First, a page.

Let’s get back to the here and now. It can also be argued that the Government statistics, even in the rather vague terms of the BMI, don’t take a very scientific approach to measuring the weight of the nation and the clen fat burner they use. They rely on Quetelet’s original ¬and rather basic ¬assessment that a BMI greater than 25 means you are overweight and 30-plus means you are obese.
Some scientists, in an attempt to be more exact, estimate that ideal weight is 20.7 to 26.4, and that between 26.5 and 27.8 is ‘marginally overweight’. Despite the Government’s claims that two-thirds of British men are overweight or obese, the national average is 26.9 — barely over the ideal weight threshold.
The chances are that some of them will be you, Men’s Fitness readers. You might be building muscle and gaining mass ¬your BMI will be rising even though you are not gaining fat. You might be one of our readers who is losing weight as you come down towards a target. The BMI is a useful guide, but don’t get hung up on it. The BMI alone is not accurate enough that anyone should obsess over it — or base Government policy on it.
You could even be a little cynical about the figures. It would only take a slight shift in policy towards the alternative measurement where below 26.5 is ‘normal weight’, rather than below 25 and a tiny fall of 0.5 in BMI for there to be a huge swing towards the UK’s males hitting ‘normal weight’. This would allow the Government to pat itself on the back for a health policy that has so far done little but make a lot of noise.
Such a drop in numbers wouldn’t be a surprise, because the latest Government report into the nation’s health contains another interesting but less well-publicised statistic. During the same ten-year period that saw our BMIs rise by 75 per cent, our waist-hip ratio increased by little more than two per cent from 0.90 to 0.92 – well under the ‘healthy’ cut-off point of 0.95.
On top of that, Australian researchers claim the waist-hip ratio is a more accurate indicator of obesity than the BMI. During an 11-year study of 9,000 adults, researchers found that men whose waist-hip ratio was 1.0 or more were more likely to suffer obesity-related health problems and buy clenbuterol online. Professor Tim Welborn, who led the research, says, ‘Waist-hip came out far better than anything else, including BMI, cholesterol and blood pressure.’ He reckons the WHO should reconsider its reliance on the BMI.
Neville Rigby, director of policy for the International Association for the Study of Obesity, agrees that the tide has turned against the BMI. ‘One of the biggest problems is abdominal obesity, which the BMI doesn’t take into account. Stomach fat, leading to a big waistline, is usually the killer.’ In the latest research in the US, involving more than 17,000 obese Americans, the worst combination of cardiovascular risk factors – irrespective of weight – was found in people with large waists and narrow thighs.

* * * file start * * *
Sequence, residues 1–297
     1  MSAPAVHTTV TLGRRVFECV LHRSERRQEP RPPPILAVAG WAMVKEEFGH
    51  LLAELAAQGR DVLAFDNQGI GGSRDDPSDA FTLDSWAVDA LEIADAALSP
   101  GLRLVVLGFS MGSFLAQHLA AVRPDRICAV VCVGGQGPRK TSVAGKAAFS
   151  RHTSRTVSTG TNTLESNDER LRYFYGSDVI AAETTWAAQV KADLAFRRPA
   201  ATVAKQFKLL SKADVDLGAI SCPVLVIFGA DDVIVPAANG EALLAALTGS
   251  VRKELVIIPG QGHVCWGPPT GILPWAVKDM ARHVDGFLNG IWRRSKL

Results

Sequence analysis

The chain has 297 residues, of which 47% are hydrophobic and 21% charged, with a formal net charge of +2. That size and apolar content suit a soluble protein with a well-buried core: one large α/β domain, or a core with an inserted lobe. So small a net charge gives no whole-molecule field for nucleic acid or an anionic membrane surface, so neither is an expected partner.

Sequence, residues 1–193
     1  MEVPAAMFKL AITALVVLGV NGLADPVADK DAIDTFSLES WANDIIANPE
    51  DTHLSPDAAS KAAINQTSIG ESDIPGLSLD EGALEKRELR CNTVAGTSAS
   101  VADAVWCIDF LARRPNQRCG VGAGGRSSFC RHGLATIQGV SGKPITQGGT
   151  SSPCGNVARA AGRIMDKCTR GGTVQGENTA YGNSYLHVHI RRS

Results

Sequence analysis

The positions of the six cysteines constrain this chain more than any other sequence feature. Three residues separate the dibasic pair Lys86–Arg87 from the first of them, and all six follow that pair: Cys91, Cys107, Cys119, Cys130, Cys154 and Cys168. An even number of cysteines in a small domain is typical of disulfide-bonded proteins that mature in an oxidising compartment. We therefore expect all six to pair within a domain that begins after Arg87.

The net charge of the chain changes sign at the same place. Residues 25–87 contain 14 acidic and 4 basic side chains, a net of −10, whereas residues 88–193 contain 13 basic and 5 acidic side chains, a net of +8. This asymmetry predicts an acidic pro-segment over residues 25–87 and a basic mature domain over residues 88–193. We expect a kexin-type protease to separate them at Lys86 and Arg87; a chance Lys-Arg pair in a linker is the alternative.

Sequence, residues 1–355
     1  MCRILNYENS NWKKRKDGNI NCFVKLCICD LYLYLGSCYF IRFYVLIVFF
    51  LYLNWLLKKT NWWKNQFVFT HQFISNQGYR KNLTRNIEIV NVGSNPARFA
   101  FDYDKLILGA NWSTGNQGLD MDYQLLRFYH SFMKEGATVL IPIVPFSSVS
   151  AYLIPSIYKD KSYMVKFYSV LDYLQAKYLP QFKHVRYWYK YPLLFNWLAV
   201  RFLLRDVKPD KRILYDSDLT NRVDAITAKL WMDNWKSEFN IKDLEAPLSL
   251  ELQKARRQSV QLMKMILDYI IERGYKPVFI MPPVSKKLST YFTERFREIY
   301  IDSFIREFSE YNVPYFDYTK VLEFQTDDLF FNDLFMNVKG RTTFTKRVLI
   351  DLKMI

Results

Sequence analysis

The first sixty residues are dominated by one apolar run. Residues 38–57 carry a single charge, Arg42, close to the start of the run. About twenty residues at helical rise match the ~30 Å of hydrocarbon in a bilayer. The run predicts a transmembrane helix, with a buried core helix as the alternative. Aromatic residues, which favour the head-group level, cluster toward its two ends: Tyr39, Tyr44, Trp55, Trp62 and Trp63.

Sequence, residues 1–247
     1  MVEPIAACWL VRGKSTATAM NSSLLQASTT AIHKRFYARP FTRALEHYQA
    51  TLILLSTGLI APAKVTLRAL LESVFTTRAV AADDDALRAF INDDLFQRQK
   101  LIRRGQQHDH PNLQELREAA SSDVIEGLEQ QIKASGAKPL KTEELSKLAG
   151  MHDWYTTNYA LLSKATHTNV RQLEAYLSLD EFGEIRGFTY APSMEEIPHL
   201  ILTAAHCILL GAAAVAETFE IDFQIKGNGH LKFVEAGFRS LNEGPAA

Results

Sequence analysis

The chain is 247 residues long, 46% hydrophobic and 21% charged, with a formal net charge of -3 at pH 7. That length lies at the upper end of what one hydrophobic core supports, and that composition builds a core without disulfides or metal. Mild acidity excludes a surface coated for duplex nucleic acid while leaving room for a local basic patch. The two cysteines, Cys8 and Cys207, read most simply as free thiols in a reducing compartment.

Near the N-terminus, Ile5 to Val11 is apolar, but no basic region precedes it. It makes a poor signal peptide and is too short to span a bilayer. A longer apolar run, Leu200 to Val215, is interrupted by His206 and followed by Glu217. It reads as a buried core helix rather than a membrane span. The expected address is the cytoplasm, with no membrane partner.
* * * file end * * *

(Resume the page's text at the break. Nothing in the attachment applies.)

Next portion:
This throws up another problem: ‘It’s possible to be obese yet have a perfectly normal BMI,’ says Rigby. This is not the contradiction it might appear to be at first – it’s common sense. A short man with a beer gut and stick legs might have a lower BMI than Martin Johnson, but is in far more danger of suffering heart disease. Girth, it seems, is more important than weight.
The waist-hip ratio also has the benefit of being straightforward ¬all you have to do is divide your waist in centimetres by your hips in centimetres – but even this method has certain flaws, especially if you have an endomorphic, round-bodied, shape but low body fat.
The fact remains that you can manipulate numbers to say what you want them to say. If you use the waist-hip ratio to measure obesity in Britain, there would be no story. A male score of 0.92 makes us reasonably healthy. There would be no Government campaign to get the nation fit and start a clen cycle, no public health consultations and no sensationalist headlines.
But it’s not all good news. Recent research has shown that, in general, we are eating more and exercising less. But this is no reason for you to panic just yet. Measuring your own healthy weight by yourself is still an inexact science – and if you work out your BMI, you really might not be as fat as you think you are.